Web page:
The Congregationalist Colonial Missionary Society in 1836 sent an agent to Montreal who realized that the potential for the church in the Canadas, largely due to the presence of Congregationalists like Moodie in the 1830s wave of immigration, required a second agent. In October 1837 John Roaf arrived in Toronto to manage church affairs west of Kingston and to become pastor to a Toronto church founded in 1834. With funds coming from England and New England, Upper Canadian Congregationalism was set to burgeon, but the rebellion occurred before Roaf could become oriented and the American connection became a liability: "The cause was popularly called 'the radical chapel' and hence the congregation was almost scattered."36 To survive, Congregationalists, as Methodists before, had to cut their ties to the United States. Despite Roaf's resentment of "the ascendant party and their laws" and belief that Congregationalism "must for some time retain much of the political character given to" it, he oversaw the opening of a score of sister churches in the province in his first two years.37 One of these was in Belleville, over the first meeting of which, on 23 September 1844, "Mr Roaf by special invitation presided."
Roaf was requested "to procure ministerial supplies, and the visit of some clergyman whom he may think likely to assume the office of pastor" (23 September 1844). Two months later, the Rev. Thomas Isaac Hodgskin arrived "as a supply for a few weeks," but was soon asked "to accept the Pastoral Office" (22 November, 4 December). Hodgskin was ordained in February 1845 at a service conducted by ministers from Norwood, Whitby, Cobourg and Markham, with Roaf giving the charge. The minutes note that the service was "held in the usual place of meeting, the Court House, which was crowded with an attentive audience," but also note that a building committee was appointed to provide a more permanent home.
Moodie had taught in the Sunday School of her Congregationalist chapel in England (letter 22), but was not present when the Belleville body "unanimously resolved to hold a Sabbath School in connection with the Church" (7 March 1845). These same minutes record that a committee was appointed "to visit Mr & Mrs Moodie with reference to their disorderly walk and neglect of Ch. Fellowship." The next month's deal with the sequel, again referring to the Moodies as among "those who walk disorderly," citing as authority an epistle in which Paul commands his listeners to "withdraw yourselves from every brother that walketh disorderly, and not after the tradition which he received of us." In the tradition referred to, Paul showed his willingness to share the labour of his flock.38 The Moodies were being charged with neglect of church activities.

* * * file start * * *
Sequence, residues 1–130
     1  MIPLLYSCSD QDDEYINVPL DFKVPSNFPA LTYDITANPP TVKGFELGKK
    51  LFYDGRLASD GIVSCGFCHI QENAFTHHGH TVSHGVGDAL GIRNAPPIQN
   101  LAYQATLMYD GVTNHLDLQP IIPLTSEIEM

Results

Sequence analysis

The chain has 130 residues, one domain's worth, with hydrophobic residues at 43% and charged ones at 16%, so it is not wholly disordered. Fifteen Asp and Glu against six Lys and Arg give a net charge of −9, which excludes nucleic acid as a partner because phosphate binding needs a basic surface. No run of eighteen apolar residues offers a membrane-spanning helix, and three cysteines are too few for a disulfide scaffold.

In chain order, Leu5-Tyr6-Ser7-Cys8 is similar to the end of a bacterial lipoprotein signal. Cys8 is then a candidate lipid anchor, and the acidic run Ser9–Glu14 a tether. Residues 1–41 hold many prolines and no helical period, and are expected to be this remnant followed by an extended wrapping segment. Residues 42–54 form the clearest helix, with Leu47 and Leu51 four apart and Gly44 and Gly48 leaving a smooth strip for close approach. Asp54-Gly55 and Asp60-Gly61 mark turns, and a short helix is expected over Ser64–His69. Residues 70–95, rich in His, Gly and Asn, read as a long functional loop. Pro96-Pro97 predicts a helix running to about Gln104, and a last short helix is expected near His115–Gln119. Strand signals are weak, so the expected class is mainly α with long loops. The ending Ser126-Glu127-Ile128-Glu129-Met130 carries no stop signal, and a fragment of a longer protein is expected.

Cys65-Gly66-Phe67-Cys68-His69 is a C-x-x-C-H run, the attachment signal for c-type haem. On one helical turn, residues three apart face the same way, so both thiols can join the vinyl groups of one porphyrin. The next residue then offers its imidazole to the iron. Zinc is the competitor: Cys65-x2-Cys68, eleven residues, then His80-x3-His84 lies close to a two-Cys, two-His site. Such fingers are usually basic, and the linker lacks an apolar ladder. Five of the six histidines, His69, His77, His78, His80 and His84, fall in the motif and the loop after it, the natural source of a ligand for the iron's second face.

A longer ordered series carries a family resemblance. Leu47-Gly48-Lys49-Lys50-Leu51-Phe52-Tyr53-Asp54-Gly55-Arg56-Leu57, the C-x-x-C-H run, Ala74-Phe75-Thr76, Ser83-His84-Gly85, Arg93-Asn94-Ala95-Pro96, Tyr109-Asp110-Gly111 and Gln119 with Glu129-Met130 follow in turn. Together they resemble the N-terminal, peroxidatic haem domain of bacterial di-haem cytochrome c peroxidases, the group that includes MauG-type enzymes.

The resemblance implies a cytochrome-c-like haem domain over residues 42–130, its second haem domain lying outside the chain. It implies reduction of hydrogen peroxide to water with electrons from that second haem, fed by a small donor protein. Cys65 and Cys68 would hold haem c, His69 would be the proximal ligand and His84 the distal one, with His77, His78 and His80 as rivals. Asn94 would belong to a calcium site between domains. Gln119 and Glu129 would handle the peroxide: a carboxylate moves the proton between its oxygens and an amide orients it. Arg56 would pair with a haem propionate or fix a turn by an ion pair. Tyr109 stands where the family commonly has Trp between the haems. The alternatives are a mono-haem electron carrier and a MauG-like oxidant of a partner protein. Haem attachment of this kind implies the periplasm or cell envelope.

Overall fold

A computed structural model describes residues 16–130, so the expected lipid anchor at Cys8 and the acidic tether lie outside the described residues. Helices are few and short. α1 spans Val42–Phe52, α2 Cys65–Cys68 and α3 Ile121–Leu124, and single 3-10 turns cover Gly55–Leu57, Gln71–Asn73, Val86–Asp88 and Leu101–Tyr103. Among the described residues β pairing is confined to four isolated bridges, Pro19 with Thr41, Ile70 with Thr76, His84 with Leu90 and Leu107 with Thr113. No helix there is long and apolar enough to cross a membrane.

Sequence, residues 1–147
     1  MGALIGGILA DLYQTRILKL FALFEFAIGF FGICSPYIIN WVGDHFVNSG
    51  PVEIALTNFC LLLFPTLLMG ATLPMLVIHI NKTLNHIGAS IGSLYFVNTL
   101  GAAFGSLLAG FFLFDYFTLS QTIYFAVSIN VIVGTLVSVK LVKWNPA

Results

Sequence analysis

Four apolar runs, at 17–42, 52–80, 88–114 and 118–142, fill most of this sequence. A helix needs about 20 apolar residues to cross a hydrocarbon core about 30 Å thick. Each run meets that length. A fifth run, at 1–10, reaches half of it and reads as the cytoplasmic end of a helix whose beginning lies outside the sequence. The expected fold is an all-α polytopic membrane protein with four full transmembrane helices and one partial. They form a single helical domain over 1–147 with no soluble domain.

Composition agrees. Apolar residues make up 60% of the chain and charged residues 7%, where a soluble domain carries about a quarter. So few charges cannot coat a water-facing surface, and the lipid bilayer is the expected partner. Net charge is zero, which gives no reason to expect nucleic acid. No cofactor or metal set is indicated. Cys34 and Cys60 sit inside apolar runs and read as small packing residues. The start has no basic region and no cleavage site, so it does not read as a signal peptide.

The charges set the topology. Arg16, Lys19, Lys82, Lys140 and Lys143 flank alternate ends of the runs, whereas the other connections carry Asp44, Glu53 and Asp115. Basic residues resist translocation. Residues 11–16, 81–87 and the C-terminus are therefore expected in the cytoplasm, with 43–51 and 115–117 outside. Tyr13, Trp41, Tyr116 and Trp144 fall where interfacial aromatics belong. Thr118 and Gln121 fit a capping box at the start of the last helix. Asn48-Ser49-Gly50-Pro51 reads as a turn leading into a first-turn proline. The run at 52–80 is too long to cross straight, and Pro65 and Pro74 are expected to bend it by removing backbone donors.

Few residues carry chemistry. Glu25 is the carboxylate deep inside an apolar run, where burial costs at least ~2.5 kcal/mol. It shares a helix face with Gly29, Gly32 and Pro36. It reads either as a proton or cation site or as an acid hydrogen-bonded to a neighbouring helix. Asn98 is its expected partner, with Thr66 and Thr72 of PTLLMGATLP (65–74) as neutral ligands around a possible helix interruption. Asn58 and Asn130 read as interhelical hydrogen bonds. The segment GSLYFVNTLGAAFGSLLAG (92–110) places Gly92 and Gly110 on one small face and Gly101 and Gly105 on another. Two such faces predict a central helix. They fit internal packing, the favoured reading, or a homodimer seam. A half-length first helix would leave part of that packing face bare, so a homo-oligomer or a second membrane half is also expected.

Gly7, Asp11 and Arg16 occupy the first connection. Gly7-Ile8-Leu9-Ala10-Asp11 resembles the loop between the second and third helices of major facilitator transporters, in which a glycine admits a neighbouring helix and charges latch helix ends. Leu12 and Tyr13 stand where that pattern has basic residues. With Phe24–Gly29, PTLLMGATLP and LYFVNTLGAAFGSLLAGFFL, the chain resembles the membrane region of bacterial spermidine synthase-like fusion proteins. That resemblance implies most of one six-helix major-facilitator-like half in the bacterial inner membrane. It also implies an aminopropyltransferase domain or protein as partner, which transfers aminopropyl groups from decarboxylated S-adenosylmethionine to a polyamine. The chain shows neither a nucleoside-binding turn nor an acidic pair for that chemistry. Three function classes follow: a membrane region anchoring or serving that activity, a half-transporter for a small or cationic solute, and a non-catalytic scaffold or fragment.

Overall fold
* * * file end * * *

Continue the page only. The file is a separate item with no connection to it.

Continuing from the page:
On the authority of Matthew 18.15-18, Congregationalism requires that members submit to the discipline of their brethren.39 This chapter contains the first principle at Congregationalism's foundation: "For where two or three are gathered together in my name, there am I in the midst of them" (18.20). Hence, when the Moodies "refused to allow the deputation . . . to wait on them," as Hodgskin reported, they compounded their sins by striking at the core of the church. The congregation unanimously resolved not only to withdraw from them, but, since they "refused to hear the Church," they declared them "excommunicated from Church fellowship and privileges, in accordance with the direction of Our Lord in Mat 18.17" (2 April 1845). "Expelled" was added to their signatures at the front.
From the minute-book it cannot be told who first withdrew the hand of fellowship. The Moodies had been in need of religious consolation after their six-year old son drowned in June 1844. Helping to form this church two months later, they may not have met their needs in it, and withdrew once more into private mourning. That they had become lax in performing their duties and then "refused to hear the Church" suggests their own disenchantment.
In early 1846 a Congregationalist minister at Cobourg named Joseph Harris took over the Belleville church. A year later Moodie reports in the Literary Garland that a Joseph Harris she knew from Cobourg, "although he does not know a letter in the book, has turned travelling preacher."40 She is here summing up Uncle Joe H , whom she dramatizes so disparagingly in Roughing It in the Bush. Having lost his land to the Moodies, had he travelled as preacher from Cobourg to Belleville, learning his letters along the way? This identification would explain much about both the Moodies' relations with Congregationalism and about a major part of Roughing It.
Moodie, following her latest information on Uncle Joe, ironically asks, "After this, who can doubt the existence of miracles in the nineteenth century?" A few years after repeating this question in Roughing It she was in the midst of an experience which at first seemed to her miraculous, but in the third quarter of the nineteenth century was almost as common as going to church, and more common than being expelled from one. The Moodies became engaged in the broad social movement of spiritualism.
"A New Revelation From God To Man"